The Spaldings' Mission at the "Place of Butterflies"
By Renee Rusler, Park Ranger
November 1836. After many months of travel, the missionaries were now nearly ready to begin their real work. The women had waited at Fort Vancouver while the men searched for mission sites. With the sites selected, Rev. Spalding retrieved the women and brought them to Fort Walla Walla. Finally, everyone was together again, but only very briefly. Within just a few days they were saying “goodbye” to each other yet again. Marcus Whitman returned to his chosen site to continue working on buildings, leaving Narcissa Whitman at the fort. The Spaldings left for their site taking with them five cows, one bull, two calves and 5,000 pounds of supplies.
The Spaldings arrived at their site a week later. Rev. Spalding had selected a place along Lapwai Creek near the base of the Thunder Mountains. Lapwai means “place of butterflies.” The imagination flits with delight at the meaning of the name. The Spaldings were very pleased with their situation. Rev. Spalding wrote:
Eliza Spalding described their new home to her family:
Meanwhile Narcissa waited at Fort Walla Walla for Marcus to return.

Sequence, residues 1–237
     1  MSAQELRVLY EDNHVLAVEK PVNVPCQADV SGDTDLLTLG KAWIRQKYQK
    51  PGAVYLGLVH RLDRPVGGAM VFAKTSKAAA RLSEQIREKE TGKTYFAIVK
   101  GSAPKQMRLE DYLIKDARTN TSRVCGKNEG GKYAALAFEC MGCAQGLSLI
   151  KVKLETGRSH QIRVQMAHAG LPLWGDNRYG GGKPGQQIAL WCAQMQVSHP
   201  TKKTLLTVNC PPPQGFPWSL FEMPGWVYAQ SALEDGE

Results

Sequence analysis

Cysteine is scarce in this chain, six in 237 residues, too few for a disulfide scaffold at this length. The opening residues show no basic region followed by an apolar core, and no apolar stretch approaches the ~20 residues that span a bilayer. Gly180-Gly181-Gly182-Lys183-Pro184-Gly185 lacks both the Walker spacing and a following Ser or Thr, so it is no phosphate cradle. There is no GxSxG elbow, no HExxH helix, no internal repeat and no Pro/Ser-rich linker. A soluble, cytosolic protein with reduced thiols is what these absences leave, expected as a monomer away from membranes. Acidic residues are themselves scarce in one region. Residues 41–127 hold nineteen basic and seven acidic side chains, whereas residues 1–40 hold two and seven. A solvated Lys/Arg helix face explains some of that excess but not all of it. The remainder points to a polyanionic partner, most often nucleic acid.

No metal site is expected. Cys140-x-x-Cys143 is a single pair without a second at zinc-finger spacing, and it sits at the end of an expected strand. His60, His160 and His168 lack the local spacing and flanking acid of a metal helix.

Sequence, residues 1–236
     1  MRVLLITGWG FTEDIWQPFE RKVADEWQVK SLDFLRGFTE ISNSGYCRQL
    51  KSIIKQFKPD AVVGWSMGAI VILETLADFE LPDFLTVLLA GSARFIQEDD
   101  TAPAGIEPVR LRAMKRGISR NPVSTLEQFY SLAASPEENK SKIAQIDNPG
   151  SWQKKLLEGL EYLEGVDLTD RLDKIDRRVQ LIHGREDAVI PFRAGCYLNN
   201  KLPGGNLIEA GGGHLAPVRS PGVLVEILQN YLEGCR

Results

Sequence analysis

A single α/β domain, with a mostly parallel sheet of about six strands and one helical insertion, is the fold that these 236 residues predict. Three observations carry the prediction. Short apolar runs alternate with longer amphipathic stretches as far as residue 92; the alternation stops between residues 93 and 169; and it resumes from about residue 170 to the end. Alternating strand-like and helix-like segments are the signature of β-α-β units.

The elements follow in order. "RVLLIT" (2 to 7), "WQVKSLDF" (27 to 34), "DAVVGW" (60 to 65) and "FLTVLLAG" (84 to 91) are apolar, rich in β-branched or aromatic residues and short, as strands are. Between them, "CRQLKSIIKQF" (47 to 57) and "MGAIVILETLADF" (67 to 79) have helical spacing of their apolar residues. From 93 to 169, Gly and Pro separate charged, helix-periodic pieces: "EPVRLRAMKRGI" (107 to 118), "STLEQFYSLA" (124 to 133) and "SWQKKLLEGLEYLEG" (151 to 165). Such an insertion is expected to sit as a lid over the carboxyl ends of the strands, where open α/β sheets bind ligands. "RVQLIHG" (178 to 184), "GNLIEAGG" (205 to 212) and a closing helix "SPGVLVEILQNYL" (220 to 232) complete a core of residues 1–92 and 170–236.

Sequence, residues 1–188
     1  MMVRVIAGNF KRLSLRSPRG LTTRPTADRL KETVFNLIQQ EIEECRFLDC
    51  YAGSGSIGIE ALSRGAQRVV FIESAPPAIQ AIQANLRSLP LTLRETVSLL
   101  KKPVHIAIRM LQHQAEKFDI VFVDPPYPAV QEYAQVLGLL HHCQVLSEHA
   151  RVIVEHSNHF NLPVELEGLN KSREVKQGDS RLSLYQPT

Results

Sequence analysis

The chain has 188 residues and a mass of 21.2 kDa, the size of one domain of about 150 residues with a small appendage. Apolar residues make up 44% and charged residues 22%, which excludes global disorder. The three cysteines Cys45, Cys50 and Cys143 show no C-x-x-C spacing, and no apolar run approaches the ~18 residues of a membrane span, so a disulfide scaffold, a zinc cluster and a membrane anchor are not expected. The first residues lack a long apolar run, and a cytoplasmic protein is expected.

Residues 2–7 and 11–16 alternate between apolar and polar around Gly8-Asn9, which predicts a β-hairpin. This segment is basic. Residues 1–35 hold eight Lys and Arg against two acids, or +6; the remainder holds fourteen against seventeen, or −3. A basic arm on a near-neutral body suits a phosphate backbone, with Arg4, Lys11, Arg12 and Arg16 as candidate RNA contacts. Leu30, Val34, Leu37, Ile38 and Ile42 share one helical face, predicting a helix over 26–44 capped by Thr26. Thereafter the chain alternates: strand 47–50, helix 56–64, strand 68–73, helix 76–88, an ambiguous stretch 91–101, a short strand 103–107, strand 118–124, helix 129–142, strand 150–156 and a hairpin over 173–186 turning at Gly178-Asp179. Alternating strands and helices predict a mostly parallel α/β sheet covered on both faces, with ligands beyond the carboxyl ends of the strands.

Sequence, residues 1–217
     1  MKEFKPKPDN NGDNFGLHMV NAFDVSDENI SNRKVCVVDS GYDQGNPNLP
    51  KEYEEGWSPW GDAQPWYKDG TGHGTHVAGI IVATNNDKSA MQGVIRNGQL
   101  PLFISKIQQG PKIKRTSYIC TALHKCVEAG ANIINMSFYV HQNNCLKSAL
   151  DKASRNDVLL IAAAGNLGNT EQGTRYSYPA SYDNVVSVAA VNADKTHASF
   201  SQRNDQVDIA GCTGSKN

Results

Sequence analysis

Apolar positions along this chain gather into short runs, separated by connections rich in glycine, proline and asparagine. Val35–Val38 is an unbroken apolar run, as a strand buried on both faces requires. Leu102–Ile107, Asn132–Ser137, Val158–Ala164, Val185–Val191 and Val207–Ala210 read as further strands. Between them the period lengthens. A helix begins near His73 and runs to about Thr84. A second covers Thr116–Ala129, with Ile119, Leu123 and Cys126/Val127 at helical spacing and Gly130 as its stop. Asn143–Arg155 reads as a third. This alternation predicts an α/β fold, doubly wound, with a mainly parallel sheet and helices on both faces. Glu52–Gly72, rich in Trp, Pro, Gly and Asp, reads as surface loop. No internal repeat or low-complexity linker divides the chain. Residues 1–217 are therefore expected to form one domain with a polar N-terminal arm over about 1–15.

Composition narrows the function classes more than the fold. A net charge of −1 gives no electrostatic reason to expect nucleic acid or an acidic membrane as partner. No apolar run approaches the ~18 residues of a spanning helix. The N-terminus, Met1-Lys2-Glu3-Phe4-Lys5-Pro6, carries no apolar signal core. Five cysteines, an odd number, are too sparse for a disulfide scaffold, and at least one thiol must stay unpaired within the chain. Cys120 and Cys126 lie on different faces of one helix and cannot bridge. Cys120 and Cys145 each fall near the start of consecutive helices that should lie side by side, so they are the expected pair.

This is Part 10 of "A Missionary Saga"
Drury, Clifford M. Marcus and Narcissa Whitman and the Opening of Old Oregon. 1994. Northwest Interpretive Association: Seattle, Washington.
Spalding, Eliza. Letter to her parents, brothers, and sisters. February 16, 1837. Whitman College and Northwest Archives.
Spalding, Rev. Henry. Letter to Missionary Herald. February 16, 1837. Whitman College and Northwest Archives.
Whitman, Narcissa. Letter to Narcissa's mother. Started December 5, 1836. Included in "The Coming of the White Women, 1836" (Part IV). T. C. Elliott. In the Oregon Historical Quarterly: vol. XXXVIII, number 1, pg. 46. March, 1937. Statesman Publishing Co., Salem, Oregon.
Did You Know?
A statue is near the campus of Whitman College of Marcus Whitman. The inscription at the base says, 'MY PLANS REQUIRE TIME AND DISTANCE'.